Royal Bank of Scotland - The Guardian

Not all of The Royal Bank of Scotland Group legal entities have been included.

Royal Bank of Scotland Group PLC, RBS:LSE summary - …

Elsewhere in Scotland some banking services such as discounting and exchange, were provided by merchants. As the pace of economic change gathered speed, the demand for banking services grew and it was not long before other organisations developed to fill the apparent void.

Royal Bank Of Scotland Essay Examples | Kibin

Org Chart RBS - Royal Bank of Scotland - The Official Board

The Bank of Scotland was established by Act of the Scottish Parliament which included the unusual privilege that foreign investors in the Bank "shall be and become naturalised Scotsmen to all intents and purposes whatsoever". The Act granted the Bank of Scotland a monopoly of public banking for twenty-one years during which time its dividends were to be exempted from tax. This monopoly was subsequently allowed to lapse - a significant development since it allowed the future establishment of other joint-stock banks. In consequence banking in Scotland developed differently from banking in England where one bank, the Bank of England was in a dominant position over the other, smaller banks. Even before the loss of its monopoly the Bank of Scotland was faced by a rival.

Royal Bank of Scotland Critical Evaluation

It is one of the peculiarities of history that while it was a Scotsman, William Paterson, who prompted the establishment of the Bank of England, it was an Englishman, John Holland, a London merchant, who was most closely association with the foundation of the Bank of Scotland. Holland went on to serve as the Scottish bank´s first Governor although most of the support for the new company came from citizens of Edinburgh or from Scots settled in London.

Group structure for ROYAL BANK OF SCOTLAND GROUP …

Royal Bank of Scotland (LON:RBS) SUMMARY ..

In 1844, after another period of severe financial crisis, Sir Robert Peel took advantage of a review of the Bank of England´s Charter to regulate the issue of notes. The Banknote (Scotland) Act was passed in 1845 and this Act (with some later amendments) regulates today´s note issue by the Scottish banks. The banks were permitted to issue notes to the extent of the average circulation for the year to 1 May 1845 without any backing or cover of coin or security. Today that privilege seems very small indeed. For the three Scottish banks which today issue their own banknotes only £3m comes under that privilege out of nearly £1,800m in circulation. All the rest has to be covered at the Bank of England by non-interest bearing deposits or by the banks´ own holdings of Bank of England notes or coin. But restrictions on note issues were placed on the English banks so that by the early part of the 20th century only the bank of England was left issuing notes south of the border.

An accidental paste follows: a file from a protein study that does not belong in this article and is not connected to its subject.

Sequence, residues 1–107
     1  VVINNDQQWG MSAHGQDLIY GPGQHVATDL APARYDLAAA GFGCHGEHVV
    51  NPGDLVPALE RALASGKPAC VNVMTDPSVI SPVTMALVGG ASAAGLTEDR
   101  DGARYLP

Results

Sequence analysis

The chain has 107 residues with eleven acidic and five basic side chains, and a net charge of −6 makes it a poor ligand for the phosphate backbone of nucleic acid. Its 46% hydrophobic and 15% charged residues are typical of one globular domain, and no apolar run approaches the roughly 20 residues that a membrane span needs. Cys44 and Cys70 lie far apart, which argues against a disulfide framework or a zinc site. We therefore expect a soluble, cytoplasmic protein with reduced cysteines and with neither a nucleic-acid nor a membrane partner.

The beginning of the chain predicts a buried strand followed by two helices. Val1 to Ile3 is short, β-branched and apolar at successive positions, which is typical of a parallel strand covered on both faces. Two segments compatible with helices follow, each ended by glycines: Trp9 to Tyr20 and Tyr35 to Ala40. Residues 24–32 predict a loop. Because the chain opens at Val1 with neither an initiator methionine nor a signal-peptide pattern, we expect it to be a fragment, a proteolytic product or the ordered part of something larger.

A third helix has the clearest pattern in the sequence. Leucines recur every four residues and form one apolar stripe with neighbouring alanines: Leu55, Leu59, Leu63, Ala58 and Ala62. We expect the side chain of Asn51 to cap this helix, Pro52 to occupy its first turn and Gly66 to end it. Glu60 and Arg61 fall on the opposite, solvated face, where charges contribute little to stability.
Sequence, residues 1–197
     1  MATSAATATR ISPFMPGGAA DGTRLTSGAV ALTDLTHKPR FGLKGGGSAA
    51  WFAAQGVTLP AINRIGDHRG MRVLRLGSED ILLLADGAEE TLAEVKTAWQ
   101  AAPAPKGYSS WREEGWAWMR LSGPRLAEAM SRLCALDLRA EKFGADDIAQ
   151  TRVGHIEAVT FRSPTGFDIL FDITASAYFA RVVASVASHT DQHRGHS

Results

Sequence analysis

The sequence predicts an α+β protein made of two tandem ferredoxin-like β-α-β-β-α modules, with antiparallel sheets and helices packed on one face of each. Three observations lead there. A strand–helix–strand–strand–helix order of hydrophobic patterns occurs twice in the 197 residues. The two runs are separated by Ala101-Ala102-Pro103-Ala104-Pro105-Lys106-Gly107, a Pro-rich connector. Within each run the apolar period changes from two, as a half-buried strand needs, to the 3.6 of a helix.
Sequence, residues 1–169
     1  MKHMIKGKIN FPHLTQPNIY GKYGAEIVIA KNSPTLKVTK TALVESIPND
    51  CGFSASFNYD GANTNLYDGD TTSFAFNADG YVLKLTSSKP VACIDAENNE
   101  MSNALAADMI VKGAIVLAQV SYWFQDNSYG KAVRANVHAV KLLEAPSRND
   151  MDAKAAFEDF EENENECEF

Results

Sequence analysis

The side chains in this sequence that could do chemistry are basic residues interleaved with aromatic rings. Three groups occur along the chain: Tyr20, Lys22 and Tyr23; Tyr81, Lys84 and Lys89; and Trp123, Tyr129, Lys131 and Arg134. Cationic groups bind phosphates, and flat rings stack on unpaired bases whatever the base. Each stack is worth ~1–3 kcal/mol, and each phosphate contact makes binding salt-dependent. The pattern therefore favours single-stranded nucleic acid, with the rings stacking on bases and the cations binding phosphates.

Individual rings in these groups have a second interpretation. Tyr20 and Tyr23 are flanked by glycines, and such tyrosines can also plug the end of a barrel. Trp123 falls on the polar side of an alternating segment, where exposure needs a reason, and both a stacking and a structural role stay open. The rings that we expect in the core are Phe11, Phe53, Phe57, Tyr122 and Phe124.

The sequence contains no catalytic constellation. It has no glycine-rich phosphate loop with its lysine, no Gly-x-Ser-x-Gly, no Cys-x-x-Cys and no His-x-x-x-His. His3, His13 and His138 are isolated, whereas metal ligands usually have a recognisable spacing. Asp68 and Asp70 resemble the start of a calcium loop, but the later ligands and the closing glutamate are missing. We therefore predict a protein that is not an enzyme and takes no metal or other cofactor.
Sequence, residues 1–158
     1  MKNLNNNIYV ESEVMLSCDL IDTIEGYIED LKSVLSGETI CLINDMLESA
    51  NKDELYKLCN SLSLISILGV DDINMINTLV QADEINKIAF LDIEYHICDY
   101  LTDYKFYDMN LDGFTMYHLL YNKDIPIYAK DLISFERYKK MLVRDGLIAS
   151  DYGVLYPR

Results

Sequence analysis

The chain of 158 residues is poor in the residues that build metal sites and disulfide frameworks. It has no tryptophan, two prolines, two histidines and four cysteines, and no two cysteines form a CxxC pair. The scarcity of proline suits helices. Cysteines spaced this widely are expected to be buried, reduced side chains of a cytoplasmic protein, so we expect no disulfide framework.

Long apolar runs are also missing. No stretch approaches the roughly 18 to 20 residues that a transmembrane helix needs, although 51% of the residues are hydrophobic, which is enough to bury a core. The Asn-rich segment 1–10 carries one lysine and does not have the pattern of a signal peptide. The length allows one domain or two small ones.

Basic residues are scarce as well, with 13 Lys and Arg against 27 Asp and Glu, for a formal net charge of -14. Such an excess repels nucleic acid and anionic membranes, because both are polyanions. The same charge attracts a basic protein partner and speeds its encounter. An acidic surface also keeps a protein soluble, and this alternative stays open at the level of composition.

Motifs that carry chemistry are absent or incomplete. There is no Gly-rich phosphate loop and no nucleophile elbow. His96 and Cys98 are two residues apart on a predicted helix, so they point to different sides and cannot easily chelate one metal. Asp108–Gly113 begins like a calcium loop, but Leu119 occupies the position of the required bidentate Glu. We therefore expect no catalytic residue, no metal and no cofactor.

Royal Bank of Scotland (RBS) | ISOwatch

A Parliamentary enquiry was set up specifically to enquire into the issue of bank notes in Scotland and Ireland but, more generally, to enquire into the whole system of banking. The Government had planned to abolish the right of Scottish banks to issue notes under £5 - a right which they had always enjoyed. Such was the clamour from Scotland that Parliament appointed a committee of enquiry which found that Scottish banking was-

Group structure for ROYAL BANK OF SCOTLAND …

The country’s banking system was quite stable even before the Bank of Canada was established, mainly thanks to its branch banking structure, and showed little interest in central banking in the early 1900s.

the Royal Bank of Scotland; and the Clydesdale Bank.

But the development of banks and bank notes was not always smooth as we saw earlier and in 1826 another threat to the issue of the Scottish £1 notes arose. Following the failure of 60 banks in England with considerable losses to the public an Act was passed forbidding the circulation of notes under £5 in England. The threat to the £1 notes - the only paper currency familiar to the great masses of the Scottish people - aroused widespread criticism especially as only two banks in Scotland had failed. Sir Walter Scott writing as Sir Malachi Malagruther came to the defence of Scottish banking. Members of Parliament, the Press and a host of pamphleteers clamoured against confirming to the English style. Of course, Sir Walter Scott´s bankruptcy at the time may have encouraged him to help the banks!